over 3 years ago • 2 mins
Two of the biggest names in European aviation are gearing up for controversial “rights issues” in a bid to bolster coronavirus-hit finances – and that may represent a buying opportunity… 👀
International Airlines Group (IAG), owner of carrier British Airways, recently announced plans to sell – subject to shareholder approval next month – an extra $3 billion worth of stock to those investors. And aerospace engine-maker Rolls-Royce looks likely to follow suit, with a $2 billion rights issue of its own reportedly in the works.
Tumbling demand for global aviation has forced both companies to cut thousands of jobs, with reduced revenues requiring them to come up with cash from elsewhere. Giving existing shareholders the “right” to up their stakes at a discount price is a fundraising avenue all sorts of businesses have explored lately, and one airline **EasyJet **has gone down already this summer 😛
As readers of our Analyzing Financial Statements Pack will know, more shares but the same amount of expected future profit means a lower per-share value – a phenomenon known as “dilution”. But with IAG reporting a $2 billion loss last quarter and predicting aviation won’t return to pre-coronavirus levels until 2023, a key question is whether there’ll be any profit around to share…
If there is profit to be had, then depressed stock prices could represent an opportunity. Both Rolls’ and IAG’s shares have lost over two thirds of their value this year to sit at their lowest level in a decade – but their respective pre-pandemic positions may be a clue to what happens after its effects begin to subside.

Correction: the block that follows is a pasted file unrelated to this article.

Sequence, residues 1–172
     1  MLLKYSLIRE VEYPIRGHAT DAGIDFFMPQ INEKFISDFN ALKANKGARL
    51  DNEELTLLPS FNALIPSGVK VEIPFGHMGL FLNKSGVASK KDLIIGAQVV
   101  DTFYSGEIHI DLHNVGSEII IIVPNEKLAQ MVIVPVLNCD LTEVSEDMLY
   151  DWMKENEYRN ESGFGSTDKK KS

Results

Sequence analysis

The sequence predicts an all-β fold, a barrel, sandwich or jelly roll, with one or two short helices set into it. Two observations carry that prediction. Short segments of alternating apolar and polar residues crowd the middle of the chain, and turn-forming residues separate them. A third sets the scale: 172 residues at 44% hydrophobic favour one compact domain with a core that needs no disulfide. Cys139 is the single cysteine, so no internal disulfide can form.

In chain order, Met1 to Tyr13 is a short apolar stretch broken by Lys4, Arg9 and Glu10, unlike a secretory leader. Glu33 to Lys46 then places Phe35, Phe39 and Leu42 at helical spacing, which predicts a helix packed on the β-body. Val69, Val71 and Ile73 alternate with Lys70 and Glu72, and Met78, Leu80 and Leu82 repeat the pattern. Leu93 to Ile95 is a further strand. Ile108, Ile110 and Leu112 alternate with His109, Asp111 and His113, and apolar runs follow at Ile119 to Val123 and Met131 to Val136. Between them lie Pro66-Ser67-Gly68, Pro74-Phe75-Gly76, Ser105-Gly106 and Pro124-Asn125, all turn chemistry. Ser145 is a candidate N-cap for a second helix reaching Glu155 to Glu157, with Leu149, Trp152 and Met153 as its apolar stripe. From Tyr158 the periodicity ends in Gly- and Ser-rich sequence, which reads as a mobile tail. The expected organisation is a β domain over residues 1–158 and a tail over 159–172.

Rolls has experienced recurring problems with the key engines it supplies for Boeing 787s as well as a series of interminable restructurings – culminating in its debt being reduced to “junk” status. IAG, on the other hand, turned a $1 billion quarterly profit this time last year, and some think effective cost-cutting could get it back to profitability as soon as 2021.
Major activist investor ValueActdoesn’t fancy Rolls’ chances. The company’s former largest shareholder sold the remains of its stake last week, reportedly taking a 20% loss on its investment. Depending on the level of discounting and dilution on offer in its right issue, however, IAG may be better placed to use this “cash call” on investors as a way to build a firmer financial runway for its business – and its share price – to take back off ✈️
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